Kirby noted that Hagel and Ponta met briefly last June when the secretary travelled to Constanta, Romania, to thank U.S. and coalition troops at Mihail Kogalniceanu Air Base.

“In his concluding remarks, Minister Ponta thanked Secretary Hagel for his attention to Black Sea security issues and his stewardship of the Department of Defense during a period of unrest for NATO allies,” Kirby said.

New 3rd AF command chief talks mission, family

by Staff Sgt. Ryan Crane

2/11/2015 - RAMSTEIN AIR BASE, Germany -- The new 3rd Air Force and 17th Expeditionary Air Force command chief, Chief Master Sgt. Kaleth O. Wright, outlined his priorities and leadership philosophy for the command during an interview here Feb. 5.

With two previous command chief assignments under his belt, Wright said he is excited to get to work with the Airmen and hopes to build on the enormous successes the command has seen under Lt. Gen. Darryl Roberson, 3rd AF and 17th AF commander.

He explained that the path to future success will come from embracing the general's priorities: motivational mission accomplishment, compassionate care of our Airmen and families, and the constant drive to improve and innovate.

"His priorities are my priorities," Wright said, but added that other main focus areas for him include, information sharing, building relationships with our joint/coalition partners, and developing the next generation of leaders.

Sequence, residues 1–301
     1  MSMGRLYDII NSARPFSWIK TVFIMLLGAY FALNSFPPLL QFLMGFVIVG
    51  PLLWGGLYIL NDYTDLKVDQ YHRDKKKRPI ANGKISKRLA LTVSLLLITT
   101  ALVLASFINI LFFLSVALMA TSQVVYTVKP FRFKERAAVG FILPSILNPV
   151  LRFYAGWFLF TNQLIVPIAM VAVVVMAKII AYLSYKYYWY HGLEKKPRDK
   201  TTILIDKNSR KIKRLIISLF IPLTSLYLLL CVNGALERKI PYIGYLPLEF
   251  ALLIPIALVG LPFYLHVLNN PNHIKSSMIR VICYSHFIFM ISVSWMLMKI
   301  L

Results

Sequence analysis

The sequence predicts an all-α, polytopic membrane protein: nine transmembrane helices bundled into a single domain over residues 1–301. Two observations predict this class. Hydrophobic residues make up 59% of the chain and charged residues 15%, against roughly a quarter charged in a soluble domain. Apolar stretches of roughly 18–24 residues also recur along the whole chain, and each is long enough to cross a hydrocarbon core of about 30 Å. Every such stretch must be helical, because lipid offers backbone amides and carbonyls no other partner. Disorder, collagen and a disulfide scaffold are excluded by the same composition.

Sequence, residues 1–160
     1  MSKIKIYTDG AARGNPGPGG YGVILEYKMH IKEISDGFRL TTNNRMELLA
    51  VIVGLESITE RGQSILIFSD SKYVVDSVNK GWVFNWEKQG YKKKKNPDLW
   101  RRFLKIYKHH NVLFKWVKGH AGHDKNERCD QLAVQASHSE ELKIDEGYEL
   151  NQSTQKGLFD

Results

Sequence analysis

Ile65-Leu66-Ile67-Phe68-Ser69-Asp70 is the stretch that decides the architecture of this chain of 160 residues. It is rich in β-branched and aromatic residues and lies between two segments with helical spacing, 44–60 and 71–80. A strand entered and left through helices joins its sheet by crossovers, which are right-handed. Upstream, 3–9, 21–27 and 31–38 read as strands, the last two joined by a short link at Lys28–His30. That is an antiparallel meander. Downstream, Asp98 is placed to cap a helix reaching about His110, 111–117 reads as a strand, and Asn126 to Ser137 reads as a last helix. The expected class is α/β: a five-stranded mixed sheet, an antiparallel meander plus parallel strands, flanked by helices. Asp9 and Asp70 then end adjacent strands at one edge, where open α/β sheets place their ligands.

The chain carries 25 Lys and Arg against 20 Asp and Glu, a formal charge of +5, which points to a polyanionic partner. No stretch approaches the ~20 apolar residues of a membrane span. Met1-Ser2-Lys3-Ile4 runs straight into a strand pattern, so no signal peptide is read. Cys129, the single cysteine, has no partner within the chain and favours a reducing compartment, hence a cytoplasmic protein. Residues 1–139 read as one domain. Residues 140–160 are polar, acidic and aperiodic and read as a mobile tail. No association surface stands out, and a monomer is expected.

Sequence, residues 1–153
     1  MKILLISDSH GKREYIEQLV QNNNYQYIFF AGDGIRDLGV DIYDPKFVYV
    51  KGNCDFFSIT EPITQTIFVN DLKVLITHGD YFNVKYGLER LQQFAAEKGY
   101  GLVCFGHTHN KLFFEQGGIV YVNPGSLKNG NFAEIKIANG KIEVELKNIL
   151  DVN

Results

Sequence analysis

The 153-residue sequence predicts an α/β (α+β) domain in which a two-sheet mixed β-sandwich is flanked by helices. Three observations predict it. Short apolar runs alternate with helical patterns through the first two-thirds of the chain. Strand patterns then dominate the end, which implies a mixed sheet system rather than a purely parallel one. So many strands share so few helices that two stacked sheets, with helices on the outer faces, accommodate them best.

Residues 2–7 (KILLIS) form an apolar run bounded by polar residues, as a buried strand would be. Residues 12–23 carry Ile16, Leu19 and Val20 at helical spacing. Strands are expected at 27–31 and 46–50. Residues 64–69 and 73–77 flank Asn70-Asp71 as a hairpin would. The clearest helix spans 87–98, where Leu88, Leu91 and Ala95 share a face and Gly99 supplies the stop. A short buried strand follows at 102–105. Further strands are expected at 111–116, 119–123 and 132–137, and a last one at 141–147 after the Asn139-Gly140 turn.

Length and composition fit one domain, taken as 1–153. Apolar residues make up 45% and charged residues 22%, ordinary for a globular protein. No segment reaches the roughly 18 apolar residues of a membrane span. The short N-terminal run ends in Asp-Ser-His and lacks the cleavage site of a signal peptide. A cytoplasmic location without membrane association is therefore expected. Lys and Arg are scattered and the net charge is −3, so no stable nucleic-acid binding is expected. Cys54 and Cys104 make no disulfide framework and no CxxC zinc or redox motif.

His goal is to make sure the Airmen are plugged in so they can remain "Forward, Ready, Now!"

"Last year, nobody saw the events in Ukraine coming," Wright said. "Nobody predicted an Ebola outbreak in Western Africa or the emergence of ISIL. So readiness will be one of our biggest challenges. Making sure we are ready at all times will be key for us here in Europe and Africa."

"I'm confident these challenges will be met head on by the great leaders we have throughout the Third Air Force.  Attitude reflects leadership and leaders set the tone for how their organizations function. I really believe that the amazing work being done by our Airmen to stay ready is empowered by great leadership up and down the chain."

But, beyond the operational challenges they might face, he has his eye on the changes to multiple enlisted programs as well.

"On the enlisted side of the house we will be watching the new enlisted performance report, the static closeout dates and the master sergeant promotion boards," said Wright. "I think if we provide information and clarity we will be able to help Airmen make it through these changes."

He said his desire to take care of people can be traced back to the values his parents instilled in him growing up in Columbus, GA.